H Potter Terrarium Kit Small includes Planting Instructions also use Supplies for Garden Pots, Succulents and Planters
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- H Potter presents their new premium terrarium planting kit, offering everything a terrarium builder needs in one complete starter kit. Gift box and canvas bags create a beautiful gift.
- Small Terrarium Kit includes the following supplies: pea gravel (approximately 11 oz), activated charcoal (approximately 1.5 oz), and soil (approximately 7 oz), along with detailed planting and care instructions.
- Everything you need to create your own miniature garden arrives in one box.
- This small terrarium kit is designed to fit H Potter ® terrariums SKUs 65-1R, 65-7R, WAR146, WAR147, WAR148 and WAR151, if you are using another container please refer to our terrarium sizes for a comparison. A medium and large terrarium planting kit are also available from H Potter.
- Made in the USA by H Potter, continually bringing you high quality products designed to last.
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|Sold By||H. Potter||Bliss Gardens||H. Potter||H. Potter||H. Potter||H. Potter|
|Material Type||Activated charcoal, terrarium planting soil, pea gravel complete planting guide||reindeer moss, horticultural charcoal, organic succulent soil, polished river rocks, orchid bark, assembly guide||glass||Glass||Glass||Glass|
Conveniently Assembled Terrarium All-In-One Starter Kit H Potter terrarium planting kit. H Potter has assembled a complete kit for planting your new glass plant terrarium. You receive the following items each individually packed in a canvas reusable bag: pea gravel, activated charcoal, and soil. No need to search out all the things you need to create your very own terrarium garden. ORDERING AN H POTTER TERRARIUM, SEE RECOMMENDED SIZE BELOW: Order H Potter Planting Kit Medium when ordering SKU: WAR142 and WAR143. Order H Potter Terrarium Planting Kit Large when ordering SKU: WAR105, WAR117, WAR150, or WAR153. SKU number is listed on terrarium's product page.
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This kit is good for 2-3 medium-sized terrariums. The following list of materials is also the exact order in which to fill your terrarium container. What you get is:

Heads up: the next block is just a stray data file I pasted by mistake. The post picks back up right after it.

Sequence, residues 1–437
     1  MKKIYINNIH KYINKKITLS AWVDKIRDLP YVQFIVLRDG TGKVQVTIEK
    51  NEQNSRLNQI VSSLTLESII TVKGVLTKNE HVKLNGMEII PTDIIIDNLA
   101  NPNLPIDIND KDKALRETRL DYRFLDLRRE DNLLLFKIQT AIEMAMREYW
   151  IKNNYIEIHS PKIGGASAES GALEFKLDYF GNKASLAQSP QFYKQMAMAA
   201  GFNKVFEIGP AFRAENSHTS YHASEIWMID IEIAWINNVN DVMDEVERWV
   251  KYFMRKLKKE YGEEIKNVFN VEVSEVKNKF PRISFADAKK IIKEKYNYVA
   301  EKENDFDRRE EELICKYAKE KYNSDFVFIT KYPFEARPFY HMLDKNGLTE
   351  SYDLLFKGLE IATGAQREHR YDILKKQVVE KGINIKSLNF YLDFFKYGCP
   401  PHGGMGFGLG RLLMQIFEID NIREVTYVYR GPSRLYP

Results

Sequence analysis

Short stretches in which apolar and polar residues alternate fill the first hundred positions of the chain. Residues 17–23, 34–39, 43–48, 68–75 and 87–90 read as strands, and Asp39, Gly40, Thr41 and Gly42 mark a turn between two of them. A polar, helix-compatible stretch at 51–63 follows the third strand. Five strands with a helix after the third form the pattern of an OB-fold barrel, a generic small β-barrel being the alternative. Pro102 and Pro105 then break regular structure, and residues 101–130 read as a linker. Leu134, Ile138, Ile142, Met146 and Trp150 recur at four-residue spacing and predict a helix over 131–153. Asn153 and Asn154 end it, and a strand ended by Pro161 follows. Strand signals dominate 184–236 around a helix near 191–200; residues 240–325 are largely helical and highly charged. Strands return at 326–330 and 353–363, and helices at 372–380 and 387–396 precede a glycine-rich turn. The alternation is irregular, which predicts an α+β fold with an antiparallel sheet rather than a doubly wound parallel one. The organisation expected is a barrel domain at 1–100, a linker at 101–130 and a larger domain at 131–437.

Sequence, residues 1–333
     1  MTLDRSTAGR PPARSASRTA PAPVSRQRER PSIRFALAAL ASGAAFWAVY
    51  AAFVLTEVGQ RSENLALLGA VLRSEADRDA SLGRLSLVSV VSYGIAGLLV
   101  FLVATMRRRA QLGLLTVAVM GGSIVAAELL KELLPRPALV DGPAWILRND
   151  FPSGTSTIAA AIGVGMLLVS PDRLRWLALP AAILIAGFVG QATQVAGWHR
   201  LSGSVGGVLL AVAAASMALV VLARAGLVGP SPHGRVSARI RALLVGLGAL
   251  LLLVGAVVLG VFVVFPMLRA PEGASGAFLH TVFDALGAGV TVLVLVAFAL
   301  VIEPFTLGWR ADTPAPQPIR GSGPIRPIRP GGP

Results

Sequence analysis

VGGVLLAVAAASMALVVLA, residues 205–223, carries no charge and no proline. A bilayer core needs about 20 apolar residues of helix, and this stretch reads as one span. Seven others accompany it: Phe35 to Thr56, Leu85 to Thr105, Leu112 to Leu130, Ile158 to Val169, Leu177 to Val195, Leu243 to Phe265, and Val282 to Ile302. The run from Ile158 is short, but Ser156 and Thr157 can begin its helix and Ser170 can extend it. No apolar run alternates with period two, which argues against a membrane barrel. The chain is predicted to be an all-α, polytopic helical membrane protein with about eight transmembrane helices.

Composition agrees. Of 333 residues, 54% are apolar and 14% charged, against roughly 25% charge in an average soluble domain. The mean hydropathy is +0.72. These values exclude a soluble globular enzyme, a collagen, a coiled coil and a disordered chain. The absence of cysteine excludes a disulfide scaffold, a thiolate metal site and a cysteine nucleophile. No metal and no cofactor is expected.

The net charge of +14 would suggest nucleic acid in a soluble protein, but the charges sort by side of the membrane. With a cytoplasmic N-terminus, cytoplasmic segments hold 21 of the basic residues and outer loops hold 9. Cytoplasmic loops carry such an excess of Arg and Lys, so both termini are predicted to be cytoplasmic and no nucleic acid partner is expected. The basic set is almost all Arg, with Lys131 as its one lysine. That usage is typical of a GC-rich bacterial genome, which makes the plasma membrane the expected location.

• Pea gravel/rocks
• Sphagnum moss
• Activated charcoal
• Potting soil
• Four reusable drawstring bags
— MAKING THE TERRARIUM —
This is how I make my terrariums, and I've made lots; I usually give them as gifts for people. This is the easy version of instructions:
(1) You first start with getting a glass container like a round globe, a cylinder, or something fancy like a Wardian Case.
2) Find plants! You can't make terrariums without plants. I recommend Hirt's Garden's Terrarium & Fairy Garden Plants - 5 Plants in 2" pots, or 3 Plants in 2" pots). You get a wide assortment of plants, they are cute and tiny, and they will take time to grow so you will enjoy your terrarium longer without it outgrowing too quickly. I usually put three plants in a medium container, depends on what I'm making.
3) Using a sharpie, mark lines on the glass as to how much to fill of each material [see photo, pending]. This will make it a lot easier to visually see how much to fill. When filled with everything, it should never go past 1/3 to 1/2 full; you want room for your plant(s) to fill the rest of the space, and proportionally it is more aesthetically pleasing (I've artfully, and scientifically, come to these ratios).
4) Fill first with gravel/rocks. Gravel is for decorative purposes, and to give some breathing room for roots in case you water too much.
5) Fill with a layer of moss. The moss will act as a wick between the gravel and soil, and also a barrier against the charcoal; You don't want charcoal mixing with the gravel, it looks terrible.
6) Fill with a thin layer of charcoal. Charcoal helps for a while in filtering any impurities in the water.
7) Fill the rest with soil, up to the 1/3 to 1/2 point of the container.
8) At this point you will have to make holes in the soil and plant your pots in. I recommend a short plant in the front, medium one right behind, and a tall one next to it.
— SUN —
Place on a windowsill in bright, indirect light like in front of a frosted bathroom window. Direct sun (south-facing) could burn the leaves and cause it to turn brown in a day. Rotate 30 degrees-ish once a week for even sun coverage.
— WATERING —
Water up to the sphagnum moss layer. The soil and roots will soak up the water. Depending on the plants you put in, they will require different water requirements; make sure you research this. It’s better to have less water than more; you don't want to drown your plants.
— MAINTENANCE —
Make sure there is a flow of air throughout the room. Leaving a terrarium enclosed *will* eventually cause it to grow mold (unless you assembled it in a completely sterile lab). Trim any brown/dead leaves as soon as you can, and as close to the base of the plant. You can trim plants if they start to grow too big and they will grow back. Some plants are able to be propagated through stem cuttings if you wish to plant them in a separate pot.
This may all sound difficult, but once you make one, you may enjoy it too much and make more. I usually make three terrariums at a time, or spend an entire day making them to make the whole process worthwhile, because it is a process.
This kit provides the foundation of what you need to create a terrarium. You are free to add to the top soil with moss, or decorative mini figurines to enhance your terrarium. Recommended.